And this brings us to a point about which many Christians might, not-wrongly, feel a bit of lament in noticing the popularity of Buddhist meditation techniques in the Nones' (and others') DIY spiritual reconfigurations or resurgence. American Christians frequently grow up in segments of the Christian stream which have nearly or entirely lost touch with the Christian tradition's contemplative resources. American Christians come up in the faith and assume that, if they're going to become spiritually transformed through meditation, they need to look outside of Christianity to do so. In some contexts they're correct, though of course there's always the internet. Some Christian leaders wish we could just introduce our communities to contemplative practice — surely that should stem the flow of our young people out of the churches, surely that should make church membership and tithing as practiced in our current American ecclesiastical models appealing to the secular folks desiring to learn mental health conducing prayer habits. Surely, we reason, as we wring our anxious hands, anxious about the viability of our institutions. Truth be told, though, there's something even more painful in all this for the churches in America. Stepping out of church, and into a DIY, syncretistic spiritual space — happy to receive some wisdom from the Catholic Cafeteria and equally eager to grab some techniques at the Buddhist Buffet with a side of community peace ethos from Mennonite Market — is, for many, positively liberating. Leaving one's birth spiritual community may be, but isn't necessarily, a sign of immaturity. It might be a step of growth in wisdom and into responsibility.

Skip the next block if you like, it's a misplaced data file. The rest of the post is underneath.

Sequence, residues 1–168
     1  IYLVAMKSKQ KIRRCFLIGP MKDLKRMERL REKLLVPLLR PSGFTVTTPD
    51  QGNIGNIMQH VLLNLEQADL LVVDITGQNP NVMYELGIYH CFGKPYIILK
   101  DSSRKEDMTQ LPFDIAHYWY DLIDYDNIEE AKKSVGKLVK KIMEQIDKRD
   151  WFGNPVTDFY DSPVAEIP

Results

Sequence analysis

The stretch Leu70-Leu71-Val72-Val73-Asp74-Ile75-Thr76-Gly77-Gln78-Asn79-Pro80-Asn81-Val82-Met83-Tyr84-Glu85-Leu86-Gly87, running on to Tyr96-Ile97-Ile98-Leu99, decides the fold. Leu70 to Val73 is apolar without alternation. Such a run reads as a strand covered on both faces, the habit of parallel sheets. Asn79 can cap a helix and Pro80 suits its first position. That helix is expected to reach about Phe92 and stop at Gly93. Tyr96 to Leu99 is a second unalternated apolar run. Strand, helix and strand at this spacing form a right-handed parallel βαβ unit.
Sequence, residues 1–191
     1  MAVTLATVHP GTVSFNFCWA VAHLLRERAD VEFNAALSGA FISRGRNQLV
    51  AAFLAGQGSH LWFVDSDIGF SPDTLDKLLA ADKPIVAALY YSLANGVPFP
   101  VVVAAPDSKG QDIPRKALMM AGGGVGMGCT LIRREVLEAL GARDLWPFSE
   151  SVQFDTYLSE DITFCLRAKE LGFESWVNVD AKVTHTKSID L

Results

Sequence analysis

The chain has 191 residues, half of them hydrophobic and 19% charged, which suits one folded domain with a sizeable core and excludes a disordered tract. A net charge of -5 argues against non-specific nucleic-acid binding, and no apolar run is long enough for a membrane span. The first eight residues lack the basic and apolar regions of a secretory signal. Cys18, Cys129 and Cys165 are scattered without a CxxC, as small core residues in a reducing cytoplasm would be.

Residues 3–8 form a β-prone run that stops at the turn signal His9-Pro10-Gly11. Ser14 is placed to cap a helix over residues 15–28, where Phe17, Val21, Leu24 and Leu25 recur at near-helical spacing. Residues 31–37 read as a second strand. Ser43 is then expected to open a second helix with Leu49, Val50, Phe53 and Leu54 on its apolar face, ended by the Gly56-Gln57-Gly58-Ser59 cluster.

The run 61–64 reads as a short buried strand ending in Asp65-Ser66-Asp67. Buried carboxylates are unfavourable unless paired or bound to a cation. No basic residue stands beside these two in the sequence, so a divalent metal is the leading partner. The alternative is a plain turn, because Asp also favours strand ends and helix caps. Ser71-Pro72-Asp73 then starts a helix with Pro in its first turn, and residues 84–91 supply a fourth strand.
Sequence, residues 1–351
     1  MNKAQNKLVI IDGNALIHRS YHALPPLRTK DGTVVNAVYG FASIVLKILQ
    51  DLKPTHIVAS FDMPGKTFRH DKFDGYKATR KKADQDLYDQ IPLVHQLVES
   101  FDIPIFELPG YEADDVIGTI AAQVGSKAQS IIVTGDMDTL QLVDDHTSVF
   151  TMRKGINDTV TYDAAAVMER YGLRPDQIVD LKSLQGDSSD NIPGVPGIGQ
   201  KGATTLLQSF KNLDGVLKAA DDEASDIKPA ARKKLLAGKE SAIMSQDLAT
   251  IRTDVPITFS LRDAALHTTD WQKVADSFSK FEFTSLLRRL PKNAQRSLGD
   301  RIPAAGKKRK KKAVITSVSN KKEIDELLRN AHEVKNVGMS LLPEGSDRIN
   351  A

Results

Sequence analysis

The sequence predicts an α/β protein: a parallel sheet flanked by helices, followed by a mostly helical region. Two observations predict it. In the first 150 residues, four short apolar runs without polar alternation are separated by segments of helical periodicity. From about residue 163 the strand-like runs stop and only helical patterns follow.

Buffet Buddhism is good for Americans, in part it seems, because it's not Christianity. And that can sting a bit to take in. Though anyone who's been paying attention to news about, say, the United Methodist Church or the Roman Catholic Church shouldn't find it all that surprising.

At the end of the day, what draws me to want to spread contemplative prayer, and to share what I've received from Christian, Buddhist and Hindu books, is not part of a grand plan to stem the decline of my denomination, or prop up its fiscal viability. What draws me is a desire — and, more deeply, a wonder — about whether there may be a kind of Christianity genuinely conducive to human flourishing available, a way into a compassionately contemplative humanity, just around the corner. Jesus Christ is Lord, and so it just makes sense to learn from everyone and have hope for the church.